Contrast-induced translocational hyponatremia and hyperkalemia in advanced kidney disease


      Background: In patients with advanced kidney disease, administration of effective osmolar agents may lead to hyponatremia, hyperkalemia, metabolic acidosis, and intravascular expansion. To our knowledge, osmolar effects of contrast agents in patients with advanced kidney disease have not been previously elucidated. Methods: This retrospective case series includes 5 patients with advanced kidney disease who underwent diagnostic and/or therapeutic cardiac catheterization and developed hyponatremia. Blood chemistry tests were performed before and after the procedure. Hyponatremia is defined as a plasma sodium concentration less than 135 mEq/L (mmol/L). Results: Mean precontrast and postcontrast sodium levels were 138.6 mEq/L (mmol/L) and 122.6 mEq/L (mmol/L), respectively. Plasma potassium levels increased after contrast exposure. There was no difference in degree of hyperkalemia between patients with and without diabetes. Plasma bicarbonate levels were noted to decrease after contrast exposure in 4 of 5 patients, with the exception of a patient undergoing continuous ambulatory peritoneal dialysis. There was a strong correlation between dose of contrast administered and change in sodium level, with a correlation coefficient of 0.91. Conclusion: These data suggest that large volumes of contrast may result in hypertonic hyponatremia through a dual effect of exogenous fluid dilution and translocation. The fluid translocated from intracellular to extracellular spaces may lead to a decrease in sodium, chloride, and bicarbonate levels. All patients developed hyperkalemia, which may be caused by solvent drag and/or passive diffusion, in addition to impaired excretory capacity. Patients with advanced kidney disease exposed to large volumes of contrast should be monitored for osmolar-induced chemical changes so that timely postcontrast dialytic therapy can be instituted.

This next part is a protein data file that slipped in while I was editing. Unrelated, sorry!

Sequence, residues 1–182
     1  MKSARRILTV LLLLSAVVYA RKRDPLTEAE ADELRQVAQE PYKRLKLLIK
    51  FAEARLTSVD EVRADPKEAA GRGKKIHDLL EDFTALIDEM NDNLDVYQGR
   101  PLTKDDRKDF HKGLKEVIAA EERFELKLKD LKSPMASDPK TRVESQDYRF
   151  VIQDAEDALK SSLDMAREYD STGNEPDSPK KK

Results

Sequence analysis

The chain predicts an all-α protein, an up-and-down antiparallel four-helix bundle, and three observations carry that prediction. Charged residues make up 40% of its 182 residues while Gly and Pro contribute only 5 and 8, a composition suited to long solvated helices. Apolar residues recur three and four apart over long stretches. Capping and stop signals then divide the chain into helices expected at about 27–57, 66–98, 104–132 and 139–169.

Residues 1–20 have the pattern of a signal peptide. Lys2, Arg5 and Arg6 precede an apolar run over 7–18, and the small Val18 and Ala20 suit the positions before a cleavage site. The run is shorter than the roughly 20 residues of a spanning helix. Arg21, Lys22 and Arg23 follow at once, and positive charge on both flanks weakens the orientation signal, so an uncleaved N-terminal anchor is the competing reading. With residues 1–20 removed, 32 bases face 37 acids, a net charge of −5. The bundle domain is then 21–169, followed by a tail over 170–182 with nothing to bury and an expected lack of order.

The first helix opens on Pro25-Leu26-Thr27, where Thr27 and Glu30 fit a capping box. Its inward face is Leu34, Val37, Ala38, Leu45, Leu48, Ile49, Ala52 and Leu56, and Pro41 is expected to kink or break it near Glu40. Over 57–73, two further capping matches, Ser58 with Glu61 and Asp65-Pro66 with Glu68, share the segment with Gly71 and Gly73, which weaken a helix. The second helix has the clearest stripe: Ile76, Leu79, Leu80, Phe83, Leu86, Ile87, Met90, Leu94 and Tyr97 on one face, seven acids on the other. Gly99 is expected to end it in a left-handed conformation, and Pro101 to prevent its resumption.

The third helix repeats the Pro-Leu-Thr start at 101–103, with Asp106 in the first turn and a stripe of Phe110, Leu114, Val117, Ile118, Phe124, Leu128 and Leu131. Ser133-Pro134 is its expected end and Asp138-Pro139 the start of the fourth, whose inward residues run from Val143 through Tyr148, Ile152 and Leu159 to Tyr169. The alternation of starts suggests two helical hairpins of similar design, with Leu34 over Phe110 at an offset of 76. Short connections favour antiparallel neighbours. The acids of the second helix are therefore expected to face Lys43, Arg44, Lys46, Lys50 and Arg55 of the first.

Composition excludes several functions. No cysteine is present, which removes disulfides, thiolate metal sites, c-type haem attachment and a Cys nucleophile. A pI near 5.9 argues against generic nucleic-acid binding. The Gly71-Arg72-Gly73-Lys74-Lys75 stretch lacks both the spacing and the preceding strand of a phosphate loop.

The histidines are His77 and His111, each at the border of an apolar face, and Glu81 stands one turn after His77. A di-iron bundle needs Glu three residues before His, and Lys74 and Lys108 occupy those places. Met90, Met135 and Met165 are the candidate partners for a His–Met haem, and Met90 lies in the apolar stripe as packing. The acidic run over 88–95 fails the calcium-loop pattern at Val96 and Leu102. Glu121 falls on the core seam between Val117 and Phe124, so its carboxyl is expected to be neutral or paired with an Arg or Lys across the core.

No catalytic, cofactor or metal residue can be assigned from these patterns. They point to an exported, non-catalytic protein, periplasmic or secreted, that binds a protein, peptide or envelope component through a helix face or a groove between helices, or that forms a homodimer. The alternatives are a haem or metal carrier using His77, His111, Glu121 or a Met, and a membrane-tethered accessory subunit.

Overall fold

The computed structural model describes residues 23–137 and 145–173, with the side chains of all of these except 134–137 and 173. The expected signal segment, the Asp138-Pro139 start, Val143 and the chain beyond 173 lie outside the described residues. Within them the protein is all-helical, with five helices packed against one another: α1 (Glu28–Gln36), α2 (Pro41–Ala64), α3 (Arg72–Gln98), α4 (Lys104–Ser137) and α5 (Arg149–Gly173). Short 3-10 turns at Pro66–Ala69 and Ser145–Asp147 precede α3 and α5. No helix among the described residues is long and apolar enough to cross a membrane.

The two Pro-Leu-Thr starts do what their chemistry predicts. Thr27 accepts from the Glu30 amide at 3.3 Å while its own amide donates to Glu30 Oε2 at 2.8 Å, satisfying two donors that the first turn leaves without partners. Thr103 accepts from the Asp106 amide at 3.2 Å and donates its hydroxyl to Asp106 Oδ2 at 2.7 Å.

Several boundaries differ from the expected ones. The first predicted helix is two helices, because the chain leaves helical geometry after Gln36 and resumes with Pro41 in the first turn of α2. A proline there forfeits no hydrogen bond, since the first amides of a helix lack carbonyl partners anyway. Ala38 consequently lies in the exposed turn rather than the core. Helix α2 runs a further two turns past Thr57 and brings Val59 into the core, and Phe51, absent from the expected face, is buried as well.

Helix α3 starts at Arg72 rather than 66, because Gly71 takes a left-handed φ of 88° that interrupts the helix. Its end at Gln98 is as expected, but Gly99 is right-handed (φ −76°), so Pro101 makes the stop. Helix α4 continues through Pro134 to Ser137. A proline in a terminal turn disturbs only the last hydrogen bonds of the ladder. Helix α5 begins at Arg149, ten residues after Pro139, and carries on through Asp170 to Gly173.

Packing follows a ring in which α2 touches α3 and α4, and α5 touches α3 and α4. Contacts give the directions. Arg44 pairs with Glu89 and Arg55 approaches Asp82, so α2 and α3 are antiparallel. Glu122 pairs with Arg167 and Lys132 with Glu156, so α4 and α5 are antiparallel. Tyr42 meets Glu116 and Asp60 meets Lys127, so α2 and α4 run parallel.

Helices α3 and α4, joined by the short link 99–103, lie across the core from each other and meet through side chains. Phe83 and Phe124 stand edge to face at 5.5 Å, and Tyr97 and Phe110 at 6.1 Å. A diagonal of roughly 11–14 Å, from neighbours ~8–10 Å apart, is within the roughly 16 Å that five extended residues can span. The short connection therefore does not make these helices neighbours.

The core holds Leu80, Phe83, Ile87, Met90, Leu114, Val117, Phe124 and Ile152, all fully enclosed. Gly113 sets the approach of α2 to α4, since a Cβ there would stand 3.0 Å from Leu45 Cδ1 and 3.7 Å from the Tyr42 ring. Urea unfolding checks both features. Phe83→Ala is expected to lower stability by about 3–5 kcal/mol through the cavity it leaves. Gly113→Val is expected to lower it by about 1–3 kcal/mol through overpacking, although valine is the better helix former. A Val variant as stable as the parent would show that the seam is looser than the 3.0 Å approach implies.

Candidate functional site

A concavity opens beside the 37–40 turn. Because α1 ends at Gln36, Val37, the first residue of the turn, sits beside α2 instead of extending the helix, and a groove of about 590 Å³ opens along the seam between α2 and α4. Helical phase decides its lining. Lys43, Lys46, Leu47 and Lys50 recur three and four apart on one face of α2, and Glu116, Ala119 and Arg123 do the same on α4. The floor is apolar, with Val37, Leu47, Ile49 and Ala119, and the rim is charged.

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      • Erratum
        American Journal of Kidney DiseasesVol. 44Issue 6
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          The article “Contrast-Induced Translocational Hyponatremia and Hyperkalemia in Advanced Kidney Disease” (Sirken et al, American Journal of Kidney Diseases 43:E9, 2004 in the print Table of Contents and e31 on the web at ) was missing the name of a contributing author. The authors should be listed as Gary Sirken, Rasib Raja, Jorge Garces, Eric Bloom, and Peter Fumo.
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